• In one or more other embodiments, the subject disclosure provides an electronic device. The electronic device can comprise a memory configured to store instructions for operating the electronic device and comprising at least one memory cell, a memory controller configured to operate the memory and a processor communicatively connected to the memory and configured to execute the instructions. Moreover, the memory cell can comprise a bottom electrode, a tunneling layer, a switching layer and a top electrode, the memory controller configured to program the at least one memory cell via a program bias and to erase the at least one memory cell via an erase bias, the at least one memory cell configured to form a high resistance state in response to the erase bias and configured to form a low resistance state in response to the program bias, and configured to have a rectifying resistance in the low resistance state to voltages between −Vn and Vp. In some embodiments, Vn can have a larger magnitude than Vp; in other embodiments magnitudes of Vn and Vp can be substantially similar.
  • According to another embodiment, the subject disclosure provides a method of fabricating a memory. The method can comprise forming a channel region for an array of transistors in a semiconductor substrate, the channel region arranging the array of transistors electrically in series from source to drain and forming a set wordlines for the memory that serve as respective control gates for respective ones of the array of transistors. Furthermore, the method can comprise forming a set of two terminal switching devices arranged electrically in series from respective first terminals to respective second terminals of the set of two terminal switching devices and connecting one of the set of two terminal switching devices in parallel with one of the array of transistors.
  • DETAILED DESCRIPTION OF THE DRAWINGS
  • Various aspects or features of this disclosure are described with reference to the drawings, wherein like reference numerals are used to refer to like elements throughout. In this specification, numerous specific details are set forth in order to provide a thorough understanding of this disclosure. It should be understood, however, that certain aspects of the subject disclosure may be practiced without these specific details, or with other methods, components, materials, etc. In other instances, well-known structures and devices are shown in block diagram form to facilitate describing the subject disclosure;
  • FIG. 1 illustrates a block diagram of an example two-terminal memory with rectifying properties according to some embodiments of the subject disclosure.
  • FIG. 2 depicts a block diagram of an example two-terminal memory cell having a conductive filament in response to a program voltage, in other embodiments.
  • FIG. 3 depicts a diagram of an example crossbar memory architecture illustrating leak path mitigation according to one or more embodiments.
  • FIG. 4 illustrates example energy band diagrams for a memory cell having a conductive filament that approximates a quantum dot.
  • FIG. 5 depicts example energy band diagrams for the memory cell in response to small and large positive voltages.
  • FIG. 6 illustrates example energy band diagrams for the memory cell in response to negative voltages of various magnitudes.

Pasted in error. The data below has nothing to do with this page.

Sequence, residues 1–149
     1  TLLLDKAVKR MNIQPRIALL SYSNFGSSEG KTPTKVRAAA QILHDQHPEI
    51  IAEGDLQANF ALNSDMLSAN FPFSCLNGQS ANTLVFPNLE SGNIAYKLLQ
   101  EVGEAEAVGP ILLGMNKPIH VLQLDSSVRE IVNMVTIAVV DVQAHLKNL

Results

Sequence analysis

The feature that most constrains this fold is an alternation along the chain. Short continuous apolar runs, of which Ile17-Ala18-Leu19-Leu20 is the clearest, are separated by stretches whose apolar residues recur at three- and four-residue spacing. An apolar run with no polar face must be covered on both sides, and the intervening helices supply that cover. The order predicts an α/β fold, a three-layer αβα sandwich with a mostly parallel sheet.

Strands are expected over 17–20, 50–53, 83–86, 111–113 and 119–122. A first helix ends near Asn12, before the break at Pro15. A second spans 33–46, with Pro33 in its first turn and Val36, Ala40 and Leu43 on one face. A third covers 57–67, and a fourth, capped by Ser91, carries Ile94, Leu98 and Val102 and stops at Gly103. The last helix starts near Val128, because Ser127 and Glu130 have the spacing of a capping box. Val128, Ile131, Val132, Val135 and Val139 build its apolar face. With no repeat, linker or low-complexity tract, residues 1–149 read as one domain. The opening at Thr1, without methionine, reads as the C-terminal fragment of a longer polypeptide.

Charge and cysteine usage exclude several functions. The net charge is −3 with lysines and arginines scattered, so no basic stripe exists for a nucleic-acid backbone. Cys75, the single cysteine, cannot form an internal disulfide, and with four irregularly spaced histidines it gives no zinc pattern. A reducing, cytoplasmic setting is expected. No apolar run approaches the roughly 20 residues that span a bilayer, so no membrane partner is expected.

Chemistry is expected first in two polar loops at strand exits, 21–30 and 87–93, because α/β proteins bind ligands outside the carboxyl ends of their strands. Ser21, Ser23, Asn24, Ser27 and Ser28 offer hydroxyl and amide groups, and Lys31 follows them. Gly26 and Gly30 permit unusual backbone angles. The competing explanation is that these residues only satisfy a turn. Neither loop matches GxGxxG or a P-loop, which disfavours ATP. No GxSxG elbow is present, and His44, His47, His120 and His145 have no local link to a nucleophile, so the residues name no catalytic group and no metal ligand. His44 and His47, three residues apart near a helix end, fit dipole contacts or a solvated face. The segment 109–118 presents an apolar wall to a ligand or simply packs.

• FIG. 7 depicts an example energy band diagram for the memory cell in response to a relatively large negative voltage.
  • FIG. 8 depicts a current-voltage relationship diagram for an example memory cell having rectifying characteristics, in further embodiments.
  • FIG. 9 illustrates a cross-section of an embodiment of the present invention.
  • FIG. 10 illustrates a flowchart of an example method for fabricating a two-terminal memory cell having rectifying characteristics, in an embodiment(s).
  • FIG. 11 depicts a block diagram of a sample operating environment for facilitating implementation of one or more disclosed embodiments.
  • FIG. 12 illustrates a block diagram of an example computing environment that can be implemented in conjunction with various embodiments.
  • DETAILED DESCRIPTION
  • This disclosure relates to two-terminal memory cells employed for digital information storage. In some embodiments, the two-terminal memory cells can include a resistive technology, such as a resistive-switching two-terminal memory cells. Resistive-switching two-terminal memory cells (also referred to as resistive-switching memory cells or resistive-switching memory), as utilized herein, comprise circuit components having two conductive contacts (also referred to herein as electrodes or terminals) with an active region (also referred to as a switching layer) between the two conductive contacts. The active region of the two-terminal memory device, in the context of resistive-switching memory, exhibits a plurality of stable or semi-stable resistive states, each resistive state having a distinct electrical resistance. Moreover, respective ones of the plurality of states can be formed or activated in response to a suitable electrical signal applied at the two conductive contacts. The suitable electrical signal can be one or more specific voltage values, one or more specific current values, pulses having controlled duration or widths, pulses having controlled amplitudes or heights, signals of specific polarities, or the like, or a suitable combination thereof. An example of a resistive switching two-terminal memory device, though not exhaustive, can include a resistive random access memory (RRAM).